(Invited) Elucidating the Origin of Resistive Switching in Ultrathin Hafnium Oxides through High Spatial Resolution Tools

Wednesday, 8 October 2014: 10:50
Expo Center, 1st Floor, Universal 5 (Moon Palace Resort)
Y. Shi, Y. Ji, F. Hui (Soochow University), V. Iglesias, M. Porti, M. Nafria, E. Miranda (Universitat Autonoma de Barcelona), G. Bersuker (SEMATECH), and M. Lanza (Soochow University)
Resistive random access memories have raised as one of the most promising devices to store information due to their great yield and easy fabrication. In these cells, the memory concept is based on tuning the electrical resistance of the insulating layer in a metal-insulator-metal structure by applying electrical signals, so that a high resistive state (HRS or “0”) and a low resistive state (LRS or “1”) can be reached. Among all insulator candidates, hafnium oxides are the most preferred due to their good performance and compatibility with the existent microelectronic technology. It is widely known that the resistance switching (RS) mechanism in HfO2 stacks is based on the reversibility of the dielectric breakdown (BD), which is a local phenomenon that takes place in areas of ~100 nm2. Therefore, the use of electrical characterization tools with high spatial resolution is necessary to fully understand the conductivity changes in the dielectric. In this work, we use advanced nanoscale characterization tools to elucidate the origin of resistive switching in hafnium-based oxides.

Hafnium oxide thin films with different thicknesses and morphologies are analyzed using a  Semiconductor Parameter Analyzer (SPA) connected to a Conductive Atomic Force Microscope (CAFM) working in controlled atmospheres (dry Nitrogen and a vacuum of 10-7 torr). Ramped Voltage Stresses have been performed at single locations of the samples to induce the formation of Conductive Filaments (CFs) - reach the dielectric breakdown (BD), or forming - . We analyze one-by-one the reversibility of those CFs, and we discern those locations where the BD could be recovered. Our experiments indicate that RS is only reachable at those filaments formed at the grain boundaries (GBs) of pseudo-amorphous and poly-crystalline samples (induced by thermal annealing), while the CFs induced at the nanocrystals or through the amorphous samples became irreversible (even using a current limitation). Kelvin Probe Force Microscope maps reveal that GBs are rich in defects, which correlates to larger leakage currents in (current maps) and lower BD voltages (forming, in IV curves). The lower BD voltages observed at the GBs (which, interestingly, coincide to those observed in MIM capacitors) may produce a less dramatic BD event, leading to narrower filaments easier to reoxidize. Moreover, the absolute value of the currents observed in LRS though a CF and a MIM structure are similar, indicating that RS in HfO2 stacks is a local phenomenon. This hypothesis is further supported by the fact that the currents through a CF in HRS and LRS can be fitted to the soft- and hard-BD equations. Finally we also show that, apart from creating/analyzing single CFs, the CAFM can also be used to perform statistical analyzes of the density, current and size of the CFs. In this case, two experiments are suitable to provide such information. The first consists of inducing the stresses in real capacitors, and scanning the surface of the insulator after etching the top electrode; and the second consists of collecting sequences of current maps at the same location of the sample using different voltages to observe a complete set-reset-set cycle. Since the maps cover larger areas and generate many filaments, this second test can be even combined with chemical analyses of lower spatial resolution.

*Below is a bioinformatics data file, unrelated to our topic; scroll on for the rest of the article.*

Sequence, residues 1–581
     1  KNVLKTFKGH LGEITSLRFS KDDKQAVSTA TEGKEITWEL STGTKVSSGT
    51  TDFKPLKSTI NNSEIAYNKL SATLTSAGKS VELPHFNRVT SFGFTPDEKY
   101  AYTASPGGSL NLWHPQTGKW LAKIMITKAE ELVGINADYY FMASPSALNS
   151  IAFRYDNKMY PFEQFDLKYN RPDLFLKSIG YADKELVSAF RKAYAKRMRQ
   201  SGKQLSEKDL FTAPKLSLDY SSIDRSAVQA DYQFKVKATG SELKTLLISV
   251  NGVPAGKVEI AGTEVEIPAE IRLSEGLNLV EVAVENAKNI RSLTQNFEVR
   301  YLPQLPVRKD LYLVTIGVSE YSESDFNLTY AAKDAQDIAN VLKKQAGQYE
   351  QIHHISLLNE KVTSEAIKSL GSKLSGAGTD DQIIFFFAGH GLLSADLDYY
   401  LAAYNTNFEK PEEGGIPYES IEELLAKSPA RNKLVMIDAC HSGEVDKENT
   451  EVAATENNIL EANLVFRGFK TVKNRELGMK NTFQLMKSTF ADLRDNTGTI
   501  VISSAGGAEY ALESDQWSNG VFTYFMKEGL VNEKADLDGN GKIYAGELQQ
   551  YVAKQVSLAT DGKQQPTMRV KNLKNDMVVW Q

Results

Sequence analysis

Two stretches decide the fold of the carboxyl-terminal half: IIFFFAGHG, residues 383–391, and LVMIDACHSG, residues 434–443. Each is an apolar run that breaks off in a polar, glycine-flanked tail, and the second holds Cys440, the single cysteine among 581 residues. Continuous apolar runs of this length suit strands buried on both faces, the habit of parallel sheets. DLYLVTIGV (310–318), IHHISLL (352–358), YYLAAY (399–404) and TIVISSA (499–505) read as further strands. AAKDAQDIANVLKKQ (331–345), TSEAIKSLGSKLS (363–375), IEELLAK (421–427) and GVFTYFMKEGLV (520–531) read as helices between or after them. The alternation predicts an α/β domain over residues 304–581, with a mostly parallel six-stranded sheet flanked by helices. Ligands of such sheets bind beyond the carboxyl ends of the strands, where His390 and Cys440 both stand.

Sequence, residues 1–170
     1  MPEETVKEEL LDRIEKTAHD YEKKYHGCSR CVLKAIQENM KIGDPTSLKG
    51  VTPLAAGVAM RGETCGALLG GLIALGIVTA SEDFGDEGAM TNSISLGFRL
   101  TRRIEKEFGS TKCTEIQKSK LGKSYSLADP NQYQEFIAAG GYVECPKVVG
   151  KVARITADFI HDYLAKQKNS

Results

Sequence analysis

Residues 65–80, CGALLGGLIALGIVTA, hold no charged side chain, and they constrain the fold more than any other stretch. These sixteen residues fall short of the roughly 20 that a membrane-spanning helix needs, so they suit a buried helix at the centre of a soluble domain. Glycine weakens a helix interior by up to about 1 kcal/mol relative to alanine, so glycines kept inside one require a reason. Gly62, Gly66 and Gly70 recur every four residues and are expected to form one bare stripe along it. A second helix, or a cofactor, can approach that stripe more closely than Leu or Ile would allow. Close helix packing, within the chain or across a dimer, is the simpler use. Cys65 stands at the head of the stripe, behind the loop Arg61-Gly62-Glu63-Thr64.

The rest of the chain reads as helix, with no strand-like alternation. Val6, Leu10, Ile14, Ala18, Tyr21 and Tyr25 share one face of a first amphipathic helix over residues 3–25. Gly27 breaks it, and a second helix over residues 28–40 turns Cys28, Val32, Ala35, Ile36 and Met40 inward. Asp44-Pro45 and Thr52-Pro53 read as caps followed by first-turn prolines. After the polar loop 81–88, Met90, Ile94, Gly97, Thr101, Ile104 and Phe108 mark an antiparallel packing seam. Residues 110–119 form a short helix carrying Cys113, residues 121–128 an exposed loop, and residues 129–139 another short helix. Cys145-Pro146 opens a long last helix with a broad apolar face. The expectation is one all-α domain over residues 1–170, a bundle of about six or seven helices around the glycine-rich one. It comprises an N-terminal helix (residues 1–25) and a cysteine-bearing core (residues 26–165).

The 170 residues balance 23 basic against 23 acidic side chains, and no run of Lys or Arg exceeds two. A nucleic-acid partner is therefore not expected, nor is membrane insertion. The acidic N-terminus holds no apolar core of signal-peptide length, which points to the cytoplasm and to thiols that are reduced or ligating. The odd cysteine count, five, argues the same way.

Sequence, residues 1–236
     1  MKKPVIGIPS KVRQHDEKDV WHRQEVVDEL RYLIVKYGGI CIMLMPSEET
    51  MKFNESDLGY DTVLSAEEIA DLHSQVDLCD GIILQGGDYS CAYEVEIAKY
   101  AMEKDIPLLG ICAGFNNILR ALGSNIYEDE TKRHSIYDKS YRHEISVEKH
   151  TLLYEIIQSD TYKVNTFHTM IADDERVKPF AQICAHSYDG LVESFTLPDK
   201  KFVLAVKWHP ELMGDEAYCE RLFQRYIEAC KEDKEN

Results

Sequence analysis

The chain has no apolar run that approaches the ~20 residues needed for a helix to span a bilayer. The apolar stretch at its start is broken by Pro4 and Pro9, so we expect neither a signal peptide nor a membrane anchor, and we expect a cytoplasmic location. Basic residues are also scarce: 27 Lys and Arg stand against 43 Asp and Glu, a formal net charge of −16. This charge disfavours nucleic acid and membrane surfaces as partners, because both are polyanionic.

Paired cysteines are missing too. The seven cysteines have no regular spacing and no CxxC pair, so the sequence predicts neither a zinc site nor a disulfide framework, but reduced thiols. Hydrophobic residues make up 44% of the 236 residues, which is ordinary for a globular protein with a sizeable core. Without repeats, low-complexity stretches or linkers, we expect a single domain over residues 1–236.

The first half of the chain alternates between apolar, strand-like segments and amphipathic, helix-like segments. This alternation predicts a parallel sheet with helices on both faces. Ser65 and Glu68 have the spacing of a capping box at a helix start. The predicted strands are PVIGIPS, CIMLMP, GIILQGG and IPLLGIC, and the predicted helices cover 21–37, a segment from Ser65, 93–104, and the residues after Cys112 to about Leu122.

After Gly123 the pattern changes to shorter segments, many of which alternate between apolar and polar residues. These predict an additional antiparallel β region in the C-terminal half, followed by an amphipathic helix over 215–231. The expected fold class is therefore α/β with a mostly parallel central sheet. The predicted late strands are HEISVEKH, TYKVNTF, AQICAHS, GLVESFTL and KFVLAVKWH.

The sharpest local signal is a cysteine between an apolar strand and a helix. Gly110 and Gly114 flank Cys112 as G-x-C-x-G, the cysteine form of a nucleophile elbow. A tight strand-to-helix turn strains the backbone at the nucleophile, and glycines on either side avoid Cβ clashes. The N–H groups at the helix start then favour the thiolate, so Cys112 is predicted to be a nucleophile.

In summary, CAFM experiments allow the correlation between nanoscale morphological features and electrical signals, and they can provide essential information to understand the origin of RS. In this work, CAFM studies experimentally in-situ proved, for the first time, that resistive switching in HfO2 stacks only takes place at the grain boundaries in polycrystalline samples due to an unusual high concentration of defects that minimize the violence of the BD event.